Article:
Try a project management application such as:
- Basecamp for Us AT $29/month (you don’t have to work in a team to use it)
- Freedcamp (very similar to Basecamp but free), or
- Bitrix24. Free for up to 12 users. I’ll look at Bitrix24 in detail in another post, but it is a great app with project management, tasks, calendars, Google Docs integration and too many other great features to list.
Flareapps.com small business tips #020Work Early. Stop Early
Because freelancers often have more flexible schedules and can set their own hours, starting work earlier in the day may increase productivity. I found in my freelancing life that if I was working by 6am, between 6am and 9am I could get a load of work done. By 9am others are at work and it’s usually after that time that people call or email. If you start early, give yourself permission to stop early, too!
Flareapps.com small business tips #021Time an Uninterrupted Work Interval – Pomodoro
Call this technique “Pomodoro” or call it “uninterrupted work time”. Whatever you call it, it works. The idea is to work without interruption for 25-minute intervals. Why 25 minutes? Because apparently frequent breaks improve mental agility. Read more about Pomodoro.
- Start a timer for 25 minutes.
- Work without interruption for that time.
- If a thought pops into your head jot it down and go right back to task.
- When the timer rings, take a few minute break. Put a checkmark on paper to track completed Pomodoros.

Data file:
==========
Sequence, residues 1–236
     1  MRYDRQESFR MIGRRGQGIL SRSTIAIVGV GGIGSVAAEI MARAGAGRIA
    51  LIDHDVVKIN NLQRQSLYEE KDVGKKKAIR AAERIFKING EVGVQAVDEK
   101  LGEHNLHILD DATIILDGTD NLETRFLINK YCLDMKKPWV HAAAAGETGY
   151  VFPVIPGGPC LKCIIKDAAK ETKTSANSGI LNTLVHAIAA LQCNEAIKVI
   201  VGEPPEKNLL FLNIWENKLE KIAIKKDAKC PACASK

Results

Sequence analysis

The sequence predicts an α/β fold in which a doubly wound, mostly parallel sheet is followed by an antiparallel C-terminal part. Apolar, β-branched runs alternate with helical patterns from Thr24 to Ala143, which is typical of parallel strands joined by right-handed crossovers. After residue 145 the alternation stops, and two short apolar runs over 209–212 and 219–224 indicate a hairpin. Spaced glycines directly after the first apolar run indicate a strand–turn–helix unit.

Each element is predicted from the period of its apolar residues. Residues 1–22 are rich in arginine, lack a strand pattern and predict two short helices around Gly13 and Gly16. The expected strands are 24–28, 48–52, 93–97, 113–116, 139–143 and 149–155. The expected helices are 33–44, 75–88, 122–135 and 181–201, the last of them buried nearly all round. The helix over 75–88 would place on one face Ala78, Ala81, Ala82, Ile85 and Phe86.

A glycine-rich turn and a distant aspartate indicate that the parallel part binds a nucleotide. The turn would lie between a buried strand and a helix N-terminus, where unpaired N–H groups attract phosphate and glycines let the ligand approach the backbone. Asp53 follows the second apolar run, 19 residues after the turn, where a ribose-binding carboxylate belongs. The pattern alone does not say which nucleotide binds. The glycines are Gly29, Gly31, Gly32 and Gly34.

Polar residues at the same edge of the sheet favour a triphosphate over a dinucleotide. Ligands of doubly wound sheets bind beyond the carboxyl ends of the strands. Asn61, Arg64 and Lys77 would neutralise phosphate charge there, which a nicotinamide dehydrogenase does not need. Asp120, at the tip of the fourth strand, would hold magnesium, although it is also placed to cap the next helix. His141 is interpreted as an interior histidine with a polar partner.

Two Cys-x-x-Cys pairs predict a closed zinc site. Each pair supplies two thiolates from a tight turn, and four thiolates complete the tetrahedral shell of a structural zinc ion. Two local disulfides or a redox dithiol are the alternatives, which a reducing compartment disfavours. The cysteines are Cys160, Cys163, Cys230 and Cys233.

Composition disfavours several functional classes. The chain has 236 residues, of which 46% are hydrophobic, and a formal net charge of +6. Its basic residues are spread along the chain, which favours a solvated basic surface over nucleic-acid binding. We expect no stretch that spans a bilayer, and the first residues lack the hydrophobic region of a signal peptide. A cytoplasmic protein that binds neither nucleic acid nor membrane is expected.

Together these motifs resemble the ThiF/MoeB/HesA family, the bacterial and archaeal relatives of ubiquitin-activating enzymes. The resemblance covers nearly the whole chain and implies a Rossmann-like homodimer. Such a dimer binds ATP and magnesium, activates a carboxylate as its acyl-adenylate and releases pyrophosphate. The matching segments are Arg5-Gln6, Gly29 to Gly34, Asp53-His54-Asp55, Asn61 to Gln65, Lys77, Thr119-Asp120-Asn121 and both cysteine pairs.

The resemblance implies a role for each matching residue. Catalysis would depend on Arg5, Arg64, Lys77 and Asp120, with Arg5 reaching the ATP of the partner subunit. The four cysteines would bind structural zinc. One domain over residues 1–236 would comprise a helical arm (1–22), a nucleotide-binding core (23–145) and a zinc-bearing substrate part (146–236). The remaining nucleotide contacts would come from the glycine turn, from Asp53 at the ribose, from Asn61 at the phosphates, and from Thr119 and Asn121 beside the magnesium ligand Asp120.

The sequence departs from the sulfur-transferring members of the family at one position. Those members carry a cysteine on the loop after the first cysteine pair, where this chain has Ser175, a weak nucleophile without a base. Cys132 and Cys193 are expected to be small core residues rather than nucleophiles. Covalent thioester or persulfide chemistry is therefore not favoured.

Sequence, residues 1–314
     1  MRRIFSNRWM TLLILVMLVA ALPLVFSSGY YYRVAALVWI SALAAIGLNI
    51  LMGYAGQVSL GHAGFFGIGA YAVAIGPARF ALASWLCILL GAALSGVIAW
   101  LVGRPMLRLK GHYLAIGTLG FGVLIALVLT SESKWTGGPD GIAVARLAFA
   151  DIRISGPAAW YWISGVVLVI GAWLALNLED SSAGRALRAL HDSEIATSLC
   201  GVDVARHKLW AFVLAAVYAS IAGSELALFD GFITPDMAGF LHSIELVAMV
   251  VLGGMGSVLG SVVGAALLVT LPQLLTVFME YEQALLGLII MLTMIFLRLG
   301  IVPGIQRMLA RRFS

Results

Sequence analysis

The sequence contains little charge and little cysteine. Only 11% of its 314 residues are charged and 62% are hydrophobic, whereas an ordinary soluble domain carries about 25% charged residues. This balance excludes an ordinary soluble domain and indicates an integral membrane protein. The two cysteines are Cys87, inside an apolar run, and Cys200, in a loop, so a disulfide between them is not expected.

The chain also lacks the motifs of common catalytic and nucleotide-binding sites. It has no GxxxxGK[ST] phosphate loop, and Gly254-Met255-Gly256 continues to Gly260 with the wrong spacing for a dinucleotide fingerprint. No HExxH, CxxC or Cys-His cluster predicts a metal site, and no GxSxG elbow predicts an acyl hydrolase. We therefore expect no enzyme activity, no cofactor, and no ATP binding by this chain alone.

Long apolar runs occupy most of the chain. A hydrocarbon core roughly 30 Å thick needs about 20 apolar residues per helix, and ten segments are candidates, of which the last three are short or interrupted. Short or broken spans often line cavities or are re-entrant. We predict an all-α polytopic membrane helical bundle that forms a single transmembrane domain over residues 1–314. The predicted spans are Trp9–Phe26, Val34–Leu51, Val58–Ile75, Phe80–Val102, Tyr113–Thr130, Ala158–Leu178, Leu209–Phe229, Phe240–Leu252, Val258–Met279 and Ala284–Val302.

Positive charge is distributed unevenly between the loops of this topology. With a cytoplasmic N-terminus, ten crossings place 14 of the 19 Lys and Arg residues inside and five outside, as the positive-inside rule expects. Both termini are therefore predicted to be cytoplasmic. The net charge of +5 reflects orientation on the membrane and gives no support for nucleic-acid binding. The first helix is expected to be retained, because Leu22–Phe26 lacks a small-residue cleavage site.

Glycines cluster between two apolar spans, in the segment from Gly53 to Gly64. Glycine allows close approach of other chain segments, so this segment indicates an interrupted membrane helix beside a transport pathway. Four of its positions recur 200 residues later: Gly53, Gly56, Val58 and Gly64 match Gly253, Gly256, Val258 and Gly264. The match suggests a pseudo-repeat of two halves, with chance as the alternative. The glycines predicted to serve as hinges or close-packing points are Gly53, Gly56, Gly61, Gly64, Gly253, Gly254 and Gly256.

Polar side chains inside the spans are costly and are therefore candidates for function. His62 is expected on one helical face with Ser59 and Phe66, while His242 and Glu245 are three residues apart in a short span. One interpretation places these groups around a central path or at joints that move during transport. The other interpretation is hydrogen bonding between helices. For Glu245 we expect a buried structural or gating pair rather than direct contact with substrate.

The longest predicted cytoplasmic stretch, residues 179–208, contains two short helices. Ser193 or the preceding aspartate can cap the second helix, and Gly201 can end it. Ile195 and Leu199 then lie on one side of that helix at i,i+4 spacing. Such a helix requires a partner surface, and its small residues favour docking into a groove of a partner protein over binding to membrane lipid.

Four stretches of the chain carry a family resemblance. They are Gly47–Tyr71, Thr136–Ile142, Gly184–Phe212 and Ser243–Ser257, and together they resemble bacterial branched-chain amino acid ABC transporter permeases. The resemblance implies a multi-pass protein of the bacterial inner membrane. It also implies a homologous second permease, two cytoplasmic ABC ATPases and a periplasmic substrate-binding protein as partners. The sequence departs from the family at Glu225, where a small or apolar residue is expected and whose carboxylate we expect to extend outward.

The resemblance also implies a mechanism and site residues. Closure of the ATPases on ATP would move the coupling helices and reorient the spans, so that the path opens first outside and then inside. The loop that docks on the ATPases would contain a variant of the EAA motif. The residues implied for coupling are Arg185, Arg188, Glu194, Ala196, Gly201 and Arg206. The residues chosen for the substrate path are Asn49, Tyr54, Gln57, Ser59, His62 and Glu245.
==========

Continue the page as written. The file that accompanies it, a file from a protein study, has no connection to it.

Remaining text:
- Start another timed task.
- When you have completed 4 Pomodoros take a longer break (20 or 30 minutes is suggested).
Flareapps.com small business tips #022Use a Timesheet App to Track Project Hours
There are quite a few timesheet apps for both iPhone and Android devices. Check some out on Google Play (for Android) or check out this review of timesheet apps for iOS devices. Timesheet apps let you set up clients or projects, set your hourly rate per project, track and time tasks, and track mileage and expenses.
I have used Timesheet by LlamaLab (Android only unfortunately) which does all of the above. The app also has an export and email feature so you can send the project hours and price total to yourself or a client. Though this project manager isn’t an invoicing app, it was great for organizing client work.
We Can Save You Time…and Money, Too!
Now it’s time to end this article and add a shameless plug for our beloved Flare accounting app. Flare is more than just accounting software. With Flare’s small business budgeting, invoicing, estimates, automated bank reconciliation and financial performance metrics, you’ll save time and earn more money. Happy freelancing!